Up to 90% of governmental websites include cookies of third-party trackers
An international team including researchers from IMDEA Software and IMDEA Networks participated in a study that highlights the need to strengthen user privacy
04 July 2022
Researchers Matthias Götze (TU Berlin), Srdjan Matic (IMDEA Software), Costas Iordanou (Cyprus University of Technology), Georgios Smaragdakis (TU Delft), and Nikolaos Laoutaris (IMDEA Networks) have presented at the ‘Web Science Conference’ the paper: “Measuring Web Cookies in Governmental Websites”, in which they investigate governmental websites of G20 countries and evaluate to what extent visits to these sites are tracked by third parties.
The results reveal that in some countries up to 90% of these websites add third-party tracker cookies without users’ consent. This occurs even in countries with strict user privacy laws.
The researchers considered studying the behavior of government websites and their compliance or non-compliance with data protection laws during the COVID-19 pandemic, a time when citizen information was provided through official websites of international organizations and governments. “Our results indicate that official governmental, international organizations’ websites and other sites that serve public health information related to COVID-19 are not held to higher standards regarding respecting user privacy than the rest of the web, which is an oxymoron given the push of many of those governments for enforcing GDPR,” comments Nikolaos Laoutaris, Research Professor at IMDEA Networks.
A total of 5,500 websites of international organizations, official COVID-19 information, and governments of G20 countries were analyzed: Argentina, Australia, Brazil, Canada, China, France, Germany, India, Indonesia, Italy, Japan, Mexico, Russia, Saudi Arabia, South Africa, South Korea, Turkey, UK, and the USA.
Methodology: types of cookies
There are several types of cookies. “Two primary types of cookies: first-party cookies that are issued by the visited website, and third-party ones which are typically created by external parties embedded in a webpage”, highlights Srdjan Matic, Researcher at IMDEA Software.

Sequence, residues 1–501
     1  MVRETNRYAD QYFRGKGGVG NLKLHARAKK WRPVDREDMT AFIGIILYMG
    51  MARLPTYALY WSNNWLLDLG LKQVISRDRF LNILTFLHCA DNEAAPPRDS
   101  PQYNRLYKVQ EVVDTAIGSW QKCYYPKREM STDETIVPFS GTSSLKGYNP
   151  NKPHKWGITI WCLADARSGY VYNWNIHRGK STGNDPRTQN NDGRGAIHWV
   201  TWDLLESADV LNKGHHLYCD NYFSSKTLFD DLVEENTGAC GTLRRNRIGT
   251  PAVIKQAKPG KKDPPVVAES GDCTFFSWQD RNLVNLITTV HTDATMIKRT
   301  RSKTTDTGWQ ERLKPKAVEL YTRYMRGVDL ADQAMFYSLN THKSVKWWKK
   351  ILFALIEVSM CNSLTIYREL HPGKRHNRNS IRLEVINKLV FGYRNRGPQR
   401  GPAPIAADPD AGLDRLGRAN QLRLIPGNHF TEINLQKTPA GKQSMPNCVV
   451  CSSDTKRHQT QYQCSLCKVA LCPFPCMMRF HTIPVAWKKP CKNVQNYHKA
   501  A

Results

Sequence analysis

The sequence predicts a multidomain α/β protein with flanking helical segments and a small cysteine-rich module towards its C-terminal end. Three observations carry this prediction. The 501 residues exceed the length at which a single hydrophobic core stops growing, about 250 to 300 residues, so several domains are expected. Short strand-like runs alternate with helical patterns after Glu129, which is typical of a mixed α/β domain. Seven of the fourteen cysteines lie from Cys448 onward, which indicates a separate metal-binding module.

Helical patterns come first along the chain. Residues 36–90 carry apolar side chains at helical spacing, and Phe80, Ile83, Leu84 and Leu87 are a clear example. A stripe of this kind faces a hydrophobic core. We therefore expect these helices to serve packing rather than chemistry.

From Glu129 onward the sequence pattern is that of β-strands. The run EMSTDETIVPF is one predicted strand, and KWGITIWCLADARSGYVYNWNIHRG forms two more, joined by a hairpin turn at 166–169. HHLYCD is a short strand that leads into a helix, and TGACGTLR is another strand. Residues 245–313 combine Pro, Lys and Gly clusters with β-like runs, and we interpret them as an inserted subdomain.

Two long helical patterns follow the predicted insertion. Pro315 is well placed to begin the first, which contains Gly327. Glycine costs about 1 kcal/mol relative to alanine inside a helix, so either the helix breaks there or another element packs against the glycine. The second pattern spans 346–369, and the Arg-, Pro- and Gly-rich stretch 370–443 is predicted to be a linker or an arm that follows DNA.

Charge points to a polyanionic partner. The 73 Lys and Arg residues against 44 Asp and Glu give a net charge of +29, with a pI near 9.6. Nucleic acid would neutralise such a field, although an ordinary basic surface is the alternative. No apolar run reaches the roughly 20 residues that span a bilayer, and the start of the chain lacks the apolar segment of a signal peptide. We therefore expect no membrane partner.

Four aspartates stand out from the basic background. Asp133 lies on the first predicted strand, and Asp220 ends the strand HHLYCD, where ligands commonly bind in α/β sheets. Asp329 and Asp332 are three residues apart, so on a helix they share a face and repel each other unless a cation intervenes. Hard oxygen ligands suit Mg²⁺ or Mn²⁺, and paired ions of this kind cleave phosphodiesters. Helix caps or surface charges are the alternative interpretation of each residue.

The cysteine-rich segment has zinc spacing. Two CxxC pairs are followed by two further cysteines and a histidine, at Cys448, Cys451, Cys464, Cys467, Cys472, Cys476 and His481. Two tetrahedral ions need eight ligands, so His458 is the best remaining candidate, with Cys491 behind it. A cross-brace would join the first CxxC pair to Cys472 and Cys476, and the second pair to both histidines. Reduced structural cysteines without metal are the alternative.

This paper also distinguishes between cookies by their duration: session cookies active only during the visit to the page or persistent cookies of short, medium or long duration.
Results: G20 government websites
Most of the websites of the G20 countries created at least one cookie without the user’s consent. Japan is the country with the lowest percentage of websites with cookies, with 77.2%, and South Korea, Saudi Arabia, and Indonesia lead the ranking with almost 100%.
With respect to the third-party cookies, the paper differentiates between generic third parties (TP) and third-party cookies originating from known trackers (TPT). Overall TP cookies range from 30% in the case of Germany, up to 95% for countries such as Russia. Germany is the only country where this percentage decreases significantly, with only 9% of official websites including a TPT cookie.
In 16 of the 19 analyzed countries more than half of the TP cookies last at least one day.
In the figure below, cookies are grouped on their expiration time into first-party (FP), third-party (TP), and third-party tracking cookies (TPT). France and China lead the ranking with around 70% of TP and TPT cookies expiring after more than one year.
Results: International Organizations websites
The study shows that around 95% of the websites of international organizations set cookies and around 60% of these websites use at least one third-party (TP) cookie. Matic explains that ” it seems that there is no special care in designing those webpages since 52% of websites of international organizations set at least one TPT cookie”.
Results: COVID-19 Websites
More than 99% of the websites analyzed in the COVID-19 information study add at least one cookie without the user’s consent. In contrast, there is a lower presence of third-party (TP) cookies, at around 62%.
As Laoutaris points out, with this publication the research team aims to “put more pressure on governments to clean up their own house first and, by doing so, set an example and be more convincing about the importance of implementing the GDPR in practice”.